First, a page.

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Government Debt

Volume 797: debated on Tuesday 9 April 2019


Asked by

To ask Her Majesty’s Government what plans they have to ensure that the level of government debt falls.

My Lords, as a result of the Government’s balanced approach we have been able to reduce debt while supporting public services, investing in the economy and infrastructure, and keeping taxes low. Debt peaked in 2016-17 at 85.1% of GDP and, due to the actions of this Government to reduce borrowing and support to the economy, debt fell in 2017-18. It is forecast to fall further, all the way up to the end of the forecast period in 2023-24.

What action are Her Majesty’s Government taking to ensure a balanced approach to managing the public finances? Does my noble friend agree that it is vital that, while we prudently reduce both borrowing and debt, we invest in public services and keep taxes low for hard-working people?

I am very happy to do that, and of course my noble friend will be aware that 32 million people have just enjoyed a tax cut as the tax thresholds were raised. There is a balance; we have seen net borrowing come down from a peak of about 10% in 2010 to under 2%, and overall net debt is beginning to fall after having peaked. However, at the same time, as he rightly says, we have seen half a trillion pounds of investment in infrastructure, and the prioritisation of public services, principally the National Health Service, which has had one of the largest budget increases in its history.

My Lords, why does the Minister not confess that the noble Lord, Lord Hunt, got it absolutely right? The only thing is that it is completely contrary to what Conservative Governments over the last decade have pursued. Austerity has been pursued to the extent that people are poorer and our public services are on the point of breaking down in many areas. Even then the Government do not hit their target for reduction of debt, but are falling many years behind the famous promise made way back in 2010 that they would do it in about five years. Is not the Government both incompetent and wrongly focused?

If the noble Lord is arguing that we should have gone further and faster in reducing the debt, he is somewhat at odds with his leader down the other end of the Corridor, who has come up with a plan to spend another £1 trillion. We are taking a balanced approach, protecting essential public services and delivering tax cuts while investing in infrastructure, and that is how we will go forward.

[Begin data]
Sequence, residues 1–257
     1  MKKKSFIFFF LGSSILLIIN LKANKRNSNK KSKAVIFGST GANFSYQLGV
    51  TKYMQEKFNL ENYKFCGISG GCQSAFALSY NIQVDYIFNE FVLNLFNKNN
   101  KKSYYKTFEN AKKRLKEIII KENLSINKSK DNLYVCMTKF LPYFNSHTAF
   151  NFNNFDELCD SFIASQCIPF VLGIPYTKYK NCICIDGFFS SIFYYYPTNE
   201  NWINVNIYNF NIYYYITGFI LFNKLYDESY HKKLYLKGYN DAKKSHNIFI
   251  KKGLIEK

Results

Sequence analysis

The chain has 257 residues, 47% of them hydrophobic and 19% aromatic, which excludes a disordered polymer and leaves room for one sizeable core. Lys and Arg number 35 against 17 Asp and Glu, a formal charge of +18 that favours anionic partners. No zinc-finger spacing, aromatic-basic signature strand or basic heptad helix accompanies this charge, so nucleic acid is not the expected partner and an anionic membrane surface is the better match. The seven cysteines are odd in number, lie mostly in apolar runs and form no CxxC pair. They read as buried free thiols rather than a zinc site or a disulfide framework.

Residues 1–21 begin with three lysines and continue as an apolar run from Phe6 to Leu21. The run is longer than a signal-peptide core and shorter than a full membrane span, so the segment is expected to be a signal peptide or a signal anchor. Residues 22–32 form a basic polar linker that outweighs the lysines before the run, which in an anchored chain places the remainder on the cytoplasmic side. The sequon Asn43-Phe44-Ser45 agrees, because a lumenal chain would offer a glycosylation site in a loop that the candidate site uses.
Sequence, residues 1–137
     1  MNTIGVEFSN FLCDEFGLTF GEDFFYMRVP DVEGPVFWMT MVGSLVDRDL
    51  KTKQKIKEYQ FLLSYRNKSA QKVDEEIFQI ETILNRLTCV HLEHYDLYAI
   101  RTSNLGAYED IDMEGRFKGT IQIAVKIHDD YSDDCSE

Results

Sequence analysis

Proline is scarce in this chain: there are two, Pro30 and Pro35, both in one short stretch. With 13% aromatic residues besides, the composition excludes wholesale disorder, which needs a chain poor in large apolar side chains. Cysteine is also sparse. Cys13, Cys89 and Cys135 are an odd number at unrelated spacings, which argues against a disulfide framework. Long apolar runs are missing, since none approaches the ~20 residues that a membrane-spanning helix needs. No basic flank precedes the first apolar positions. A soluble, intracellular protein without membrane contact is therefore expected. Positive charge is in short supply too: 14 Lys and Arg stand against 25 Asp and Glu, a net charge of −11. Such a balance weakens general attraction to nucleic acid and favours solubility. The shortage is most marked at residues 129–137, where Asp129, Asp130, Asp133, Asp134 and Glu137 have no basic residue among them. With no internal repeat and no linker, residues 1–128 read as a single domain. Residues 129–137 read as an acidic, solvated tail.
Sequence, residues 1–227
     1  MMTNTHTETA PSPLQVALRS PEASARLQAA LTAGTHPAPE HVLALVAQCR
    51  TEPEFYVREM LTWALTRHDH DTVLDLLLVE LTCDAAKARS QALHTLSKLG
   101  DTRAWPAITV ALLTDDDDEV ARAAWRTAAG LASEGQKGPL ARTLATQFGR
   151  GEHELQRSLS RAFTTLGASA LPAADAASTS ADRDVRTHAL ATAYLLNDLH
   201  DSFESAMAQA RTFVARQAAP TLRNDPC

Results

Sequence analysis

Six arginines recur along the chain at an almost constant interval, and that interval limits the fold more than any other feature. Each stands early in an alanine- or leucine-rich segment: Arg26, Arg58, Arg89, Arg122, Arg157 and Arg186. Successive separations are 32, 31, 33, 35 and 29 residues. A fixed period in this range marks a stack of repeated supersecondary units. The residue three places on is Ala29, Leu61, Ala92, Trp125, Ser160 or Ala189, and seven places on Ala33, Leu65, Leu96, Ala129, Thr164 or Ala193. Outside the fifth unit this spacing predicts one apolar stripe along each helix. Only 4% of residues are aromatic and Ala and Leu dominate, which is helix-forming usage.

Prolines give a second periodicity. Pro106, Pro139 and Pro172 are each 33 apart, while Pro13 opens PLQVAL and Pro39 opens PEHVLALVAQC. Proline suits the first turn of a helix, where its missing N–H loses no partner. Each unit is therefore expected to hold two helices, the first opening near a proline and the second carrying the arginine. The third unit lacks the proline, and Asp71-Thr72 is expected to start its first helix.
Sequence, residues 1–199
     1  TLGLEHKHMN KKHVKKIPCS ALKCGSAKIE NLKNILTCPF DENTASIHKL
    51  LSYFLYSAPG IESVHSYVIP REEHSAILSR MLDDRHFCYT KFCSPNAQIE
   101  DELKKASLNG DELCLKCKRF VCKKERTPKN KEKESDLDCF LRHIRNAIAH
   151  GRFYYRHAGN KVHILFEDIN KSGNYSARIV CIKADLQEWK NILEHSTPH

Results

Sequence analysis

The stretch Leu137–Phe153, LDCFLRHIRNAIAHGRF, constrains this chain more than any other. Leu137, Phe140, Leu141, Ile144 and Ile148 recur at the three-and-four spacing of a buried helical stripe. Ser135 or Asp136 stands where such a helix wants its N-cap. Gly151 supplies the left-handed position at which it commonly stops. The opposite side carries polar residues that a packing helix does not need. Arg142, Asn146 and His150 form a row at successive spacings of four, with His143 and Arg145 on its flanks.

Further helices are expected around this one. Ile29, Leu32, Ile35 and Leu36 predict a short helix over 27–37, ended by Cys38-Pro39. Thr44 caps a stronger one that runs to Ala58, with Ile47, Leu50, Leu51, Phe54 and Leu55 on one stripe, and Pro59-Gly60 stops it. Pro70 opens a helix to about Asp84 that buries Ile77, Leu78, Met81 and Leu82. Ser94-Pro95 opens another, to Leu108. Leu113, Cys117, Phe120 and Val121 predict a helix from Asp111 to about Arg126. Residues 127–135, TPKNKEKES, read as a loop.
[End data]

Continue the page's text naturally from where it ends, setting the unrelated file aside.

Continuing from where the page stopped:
My Lords, at the moment, the Government are spending about 39% of GDP on public services. In my noble friend’s opinion, is that too much, too little or about right, and does he see merit in repaying debt?

Certainly, the Government see merit in repaying debt; we pay interest rates of about £50 billion a year on debt, so there is a good rationale for trying to do that. However, we need to balance our approach. Primarily, we seek to stop that debt level increasing by bringing it down as a percentage of GDP from around 85% to 73% at the end of the forecast period, but we need to go further on that.

My Lords, do the Government now understand that including borrowing for investment into infrastructure in the deficit number is not only intellectually flawed but has constrained growth in this country by limiting the number of projects in which we can invest, at a time when interest rates have been exceptionally low and a great deal more could have been done to catch up on the infrastructure backlog?

I do not see how one can take it out of that figure. If it is public expenditure on infrastructure, it is government debt, so we need to reflect that in the numbers.

My Lords, can I bring the noble Lord back to the NHS? He mentioned the NHS five-year spending agreement that has already been announced, but he will know that that does not cover education and training. The key issue facing the NHS is a large workforce problem, and part of the answer will be more training places. Can he assure me that, in the next spending review, the Treasury will not take the view that the NHS has received everything it is going to receive, and that it will look to increase the amount of money going into education and training?

Obviously, there will be issues, which will be addressed in the spending review. Simon Stevens made that proposal about what is needed for the NHS, £20 billion—I think—was delivered to meet it, and there has been a significant increase with this further amount. However, we are aware of the pressures, which is why we have been clear that, when it comes to public services, the NHS is our priority.

My Lords, is not the key to this the question of labour productivity? The figures for that in the last year were depressing: only 0.2%. What will the Government do to improve labour productivity?

This is an historic problem that we have debated many times in this House. Because we are a heavily services-oriented economy it is difficult to capture all the value. We set up the national infrastructure investment scheme with £37 billion to help us to tackle those issues.

My noble friend referred to the percentage of GDP in this country. How does that compare with France and Italy? Have we not persistently undershot the OBR forecast for what level of borrowing would be required on a month-by-month basis?

My noble friend follows these matters very closely. We are currently under 85%, with a target to go down to 73%. France is at 98.7% and I think Italy is at 131.1%, but we still need to go further to ensure that we do not leave a legacy of debt for our children and grandchildren.